Reflections from Paris

Between Us

by Steven A. Rakitt
CEO, The Jewish Federation of Greater Washington

 Je suis.  “I am.”

After the January, 2015 terrorist attacks against the Charlie Hebdo Magazine and the Hypercacher kosher supermarket in Paris, Facebook users around the world changed their profile pictures to “Je suis Charlie” and “Je suis Juif.” Rabbi Delphine Horvilleurs, the first female rabbi in France, argues that the phrase “Je suis” has significant meaning precisely because it is NOT true. We cannot be someone else, but in saying so, we are exhibiting a most human characteristic of being empathic with the other. We do it, she says, without having to change our own identities.

I recently traveled to Paris to participate in the Board of Governors Meeting of the Jewish Agency for Israel (JAFI), the largest single beneficiary of The Jewish Federation of Greater Washington’s annual unrestricted campaign. I went to learn about the long and proud history of the French Jewish community, the largest in Europe and the third largest in the world. I went to better understand the many challenges facing the French – and by extension European – Jewish communities. And I went to see how our community – through the work of JAFI – continues to stand united with French Jewry.

Over our long history in France, Jews have been expelled 13 different times. In 1791, just two years after the French Revolution, Jews were first granted equal rights. Napoleon himself created the Consistoire – which still exists today with a different role – to liaise between the French government and the Jewish community. The community grew and thrived, despite anti-Semitism evident in the Dreyfuss Affair in 1894 and the Vichy government in WW II. Over 90,000 French Jews were murdered in the Holocaust, bringing the post-war French Jewish community down to 200,000.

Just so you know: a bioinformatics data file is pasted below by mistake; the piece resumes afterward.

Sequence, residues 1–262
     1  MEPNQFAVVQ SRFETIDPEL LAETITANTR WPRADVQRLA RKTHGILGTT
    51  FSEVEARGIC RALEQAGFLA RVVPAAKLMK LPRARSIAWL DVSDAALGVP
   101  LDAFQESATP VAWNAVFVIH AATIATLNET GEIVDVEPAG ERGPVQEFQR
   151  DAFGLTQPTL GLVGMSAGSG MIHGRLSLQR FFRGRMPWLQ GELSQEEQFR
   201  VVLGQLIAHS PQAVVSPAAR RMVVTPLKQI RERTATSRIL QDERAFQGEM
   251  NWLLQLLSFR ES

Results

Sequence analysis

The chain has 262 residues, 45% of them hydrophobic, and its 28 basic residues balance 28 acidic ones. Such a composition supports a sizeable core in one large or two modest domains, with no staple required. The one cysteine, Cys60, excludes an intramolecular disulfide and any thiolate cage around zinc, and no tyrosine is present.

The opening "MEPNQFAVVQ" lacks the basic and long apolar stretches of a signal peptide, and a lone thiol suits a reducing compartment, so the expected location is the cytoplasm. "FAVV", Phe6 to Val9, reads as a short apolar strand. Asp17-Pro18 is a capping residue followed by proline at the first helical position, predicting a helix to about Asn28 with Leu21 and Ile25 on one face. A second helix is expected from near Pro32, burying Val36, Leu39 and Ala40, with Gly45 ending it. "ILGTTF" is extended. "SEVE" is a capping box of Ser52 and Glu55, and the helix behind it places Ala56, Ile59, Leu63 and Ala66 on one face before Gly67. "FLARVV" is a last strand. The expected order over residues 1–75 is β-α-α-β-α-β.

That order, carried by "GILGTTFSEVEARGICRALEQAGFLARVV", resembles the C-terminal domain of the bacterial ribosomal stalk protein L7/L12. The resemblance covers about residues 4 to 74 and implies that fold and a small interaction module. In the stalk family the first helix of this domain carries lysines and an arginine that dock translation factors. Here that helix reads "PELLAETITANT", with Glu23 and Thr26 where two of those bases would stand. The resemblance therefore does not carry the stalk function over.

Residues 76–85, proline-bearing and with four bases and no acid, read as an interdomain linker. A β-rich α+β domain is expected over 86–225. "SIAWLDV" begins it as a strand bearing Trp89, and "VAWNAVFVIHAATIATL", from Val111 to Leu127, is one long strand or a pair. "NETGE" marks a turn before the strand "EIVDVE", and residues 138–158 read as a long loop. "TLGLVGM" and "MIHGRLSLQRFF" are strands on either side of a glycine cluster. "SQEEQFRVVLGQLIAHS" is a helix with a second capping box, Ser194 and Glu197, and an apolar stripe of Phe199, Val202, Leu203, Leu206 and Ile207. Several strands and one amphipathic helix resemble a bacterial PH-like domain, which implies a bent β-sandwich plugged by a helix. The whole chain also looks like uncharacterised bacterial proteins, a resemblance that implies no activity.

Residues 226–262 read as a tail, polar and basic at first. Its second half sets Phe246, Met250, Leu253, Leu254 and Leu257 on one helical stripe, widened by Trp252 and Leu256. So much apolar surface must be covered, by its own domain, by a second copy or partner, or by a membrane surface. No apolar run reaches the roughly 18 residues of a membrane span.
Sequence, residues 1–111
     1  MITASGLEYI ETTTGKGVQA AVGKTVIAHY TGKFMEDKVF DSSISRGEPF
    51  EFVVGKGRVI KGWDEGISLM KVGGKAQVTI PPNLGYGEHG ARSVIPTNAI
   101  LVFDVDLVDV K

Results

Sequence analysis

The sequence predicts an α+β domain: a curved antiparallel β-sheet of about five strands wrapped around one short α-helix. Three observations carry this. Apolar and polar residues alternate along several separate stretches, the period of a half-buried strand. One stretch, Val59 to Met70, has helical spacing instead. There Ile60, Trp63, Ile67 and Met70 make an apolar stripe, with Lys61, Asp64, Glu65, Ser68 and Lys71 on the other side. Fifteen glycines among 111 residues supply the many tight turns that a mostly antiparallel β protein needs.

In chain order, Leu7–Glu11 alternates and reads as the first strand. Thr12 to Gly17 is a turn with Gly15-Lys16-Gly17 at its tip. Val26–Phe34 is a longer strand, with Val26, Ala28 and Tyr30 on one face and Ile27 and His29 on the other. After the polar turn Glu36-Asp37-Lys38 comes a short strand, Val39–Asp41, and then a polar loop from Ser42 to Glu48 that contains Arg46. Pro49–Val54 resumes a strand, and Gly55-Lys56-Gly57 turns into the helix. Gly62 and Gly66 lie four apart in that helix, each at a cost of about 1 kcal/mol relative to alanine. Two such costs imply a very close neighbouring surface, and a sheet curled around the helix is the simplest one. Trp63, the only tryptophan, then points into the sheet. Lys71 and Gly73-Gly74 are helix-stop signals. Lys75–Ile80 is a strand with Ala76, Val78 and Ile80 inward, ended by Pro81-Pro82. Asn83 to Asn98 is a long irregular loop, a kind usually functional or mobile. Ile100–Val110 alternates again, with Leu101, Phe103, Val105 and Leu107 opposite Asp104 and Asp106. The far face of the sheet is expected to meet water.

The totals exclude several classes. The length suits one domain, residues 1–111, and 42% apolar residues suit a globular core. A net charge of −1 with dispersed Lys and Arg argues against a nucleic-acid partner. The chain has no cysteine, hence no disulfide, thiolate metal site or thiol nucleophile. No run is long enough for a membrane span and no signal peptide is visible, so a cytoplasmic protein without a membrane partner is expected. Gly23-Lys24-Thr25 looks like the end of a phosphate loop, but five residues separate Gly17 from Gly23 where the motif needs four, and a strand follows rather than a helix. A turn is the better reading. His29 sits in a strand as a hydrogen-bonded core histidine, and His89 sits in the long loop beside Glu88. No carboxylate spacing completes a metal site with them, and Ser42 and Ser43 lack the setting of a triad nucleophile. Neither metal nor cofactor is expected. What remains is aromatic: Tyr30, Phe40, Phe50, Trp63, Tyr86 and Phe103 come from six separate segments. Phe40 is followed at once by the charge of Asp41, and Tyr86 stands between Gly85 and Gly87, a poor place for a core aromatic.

In the 1950s and 60s, tens of thousands of Jews fled North Africa and many made their way to France, effectively doubling the French Jewish population. Today, at nearly 500,000, the French Jewish community is 60% Sephardic, strong and vibrant. They live in 230 different communities, with the largest enclaves in Paris, Marseilles, Lyon and Nice. But underlying this proud history and communal strength is a deep and palpable fear.

The primary driver of this fear is that anti-Semitism is dramatically increasing in FranceAlthough the Jewish community is less than 1% of the population, it is the target of 49% of all violent racist attacks. In 2015, an average of two anti-Semitic acts were reported every dayKippot are not worn outdoors. Many Jewish communal institutions are unmarked, with the only hint of their presence being the French army soldiers posted outside. I arrived in France the day after the “Brexit” vote in Great Britain. Newspapers, television and street conversations were filled with analyses, “what now,” and a larger conversation about the future of France and Europe. Marine Le Pen, leader of the far-right and anti-Semitic French political party, National Front, wrote in the New York Times that the “[French] People’s Spring is inevitable,” and that France should follow England’s lead. I felt a collective shudder by the Jews we met.